were time-barred or privileged; and that this Court's
previous ruling regarding the ownership of CMA forecloses
Wade Callender's breach of a partnership agreement claim.
defeat a motion to dismiss under Federal Rule of Civil
Procedure 12(b)(6), the complaint must allege enough facts to
state a plausible claim for relief. Ashcroft v.
Iqbal, 556 U.S. 662, 678 (2009). A claim is plausible
when the facts pleaded allow "the court to draw the
reasonable inference that the defendant is liable for the
misconduct alleged." Id. Legal conclusions or
conclusory statements do not suffice. Id. The Court
must examine the complaint as a whole, consider the factual
allegations in the complaint as true, and construe the
factual allegations in the light most favorable to the
plaintiff. Albright v. Oliver, 510U.S. 266, 268
(1994); Lambeth v. Bd. of Comm'rs of Davidson
Cty., 407 F.3d 266, 268 (4th Cir. 2005).
Abuse of Process
abuse of process claim requires a plaintiff to show that (1)
"the defendant willfully used process after it has
issued in a manner not contemplated by law"; (2)
"the defendant acted to satisfy an ulterior
motive"; and (3) "damages resulted from the
defendant's perverted use of process." One
Thousand Fleet L.P. v. Guerriero, 694 A.2d 952, 956 (Md.
1997). "In order to establish an abuse of process, there
must be a definite act or threat that is not authorized by
the process or aimed at an objective not legitimate in the
use of the process." Attorney Grievance Comm'n
of Md. v. Roberts, 904 A.2d 557, 571 (Md. 2006). The
archetypal abuse of process claim arises from the use of
criminal process to coerce an individual to pay a debt in
order to avoid arrest and prosecution. See Palmer Ford,
Inc. v. Wood, 471 A.2d 297, 311 (Md. 1984) (collecting
cases). A party is not liable for abuse of process where the
party "has done nothing more than pursue the lawsuit to
its authorized conclusion regardless of how evil [the] motive
may be." One Thousand Fleet, 694 A.2d at 956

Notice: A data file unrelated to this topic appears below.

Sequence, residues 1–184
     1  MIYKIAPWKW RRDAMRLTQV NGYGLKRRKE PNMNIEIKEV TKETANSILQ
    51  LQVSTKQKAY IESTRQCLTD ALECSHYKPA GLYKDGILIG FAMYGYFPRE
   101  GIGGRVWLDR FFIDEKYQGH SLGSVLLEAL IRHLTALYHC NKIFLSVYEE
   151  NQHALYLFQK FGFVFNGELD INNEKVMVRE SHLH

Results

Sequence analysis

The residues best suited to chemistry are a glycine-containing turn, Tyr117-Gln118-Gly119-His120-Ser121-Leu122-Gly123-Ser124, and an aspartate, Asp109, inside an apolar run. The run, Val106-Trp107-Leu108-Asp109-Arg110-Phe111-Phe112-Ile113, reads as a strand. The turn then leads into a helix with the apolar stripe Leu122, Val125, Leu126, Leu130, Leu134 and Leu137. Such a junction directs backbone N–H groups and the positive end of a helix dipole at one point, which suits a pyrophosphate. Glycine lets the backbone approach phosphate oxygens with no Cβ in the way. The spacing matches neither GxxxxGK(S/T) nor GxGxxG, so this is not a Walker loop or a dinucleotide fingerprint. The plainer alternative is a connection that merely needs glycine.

(quoting Wells v. Orthwein, 670 S.W.2d 529, 533
(Mo.Ct.App. 1984)). As a result, "bad motive alone"
cannot be the foundation for an abuse of process claim.
that the other requirements for an abuse of process claim are
met, Wade Calender's claim fails because he does not
allege "a definite act or threat that is not authorized
by the process." Attorney Grievance Comm
'n, 904 A.2d at 571. In Berman v.
Karvounis, 518 A.2d 726 (Md. 1987), the plaintiffs
alleged that the defendants had engaged in improper use of
process where the defendants had filed 12 civil actions
against the plaintiffs and sought excessive punitive damages
to "harass and oppress" the plaintiffs through
extortion. Id. at 728. The Court of Appeals of
Maryland held that the plaintiffs had not sufficiently
alleged an abuse of process claim because they had not
articulated any facts that showed "how the process was
used for any purpose other than the normal one" of
litigating against the plaintiffs. Id. at 729. In
his counterclaim, Wade Callender states that Donald Callender
has engaged in a "pattern of behavior meant to
embarrass, humiliate, and generally cause pain and
inconvenience" to Wade Callender "in a manner not
contemplated by law." Def.'s Countercl. ¶¶
6-7. He does not identify any threats or other actions, not
legally authorized, in which Donald Callender engaged to
further the purpose of embarrassing Wade Callender. Like the
plaintiffs in Berman, Wade Callender has alleged
only that Donald Callender has filed a lawsuit against him.
Even if Donald Callender is motivated by an evil desire to
"harass and otherwise burden" Wade Callender,
id. ¶ 8, that is not enough for an abuse of
process claim. See One Thousand Fleet, 694 A.2d at
956. Plaintiffs' Motion will be granted as to Count 1.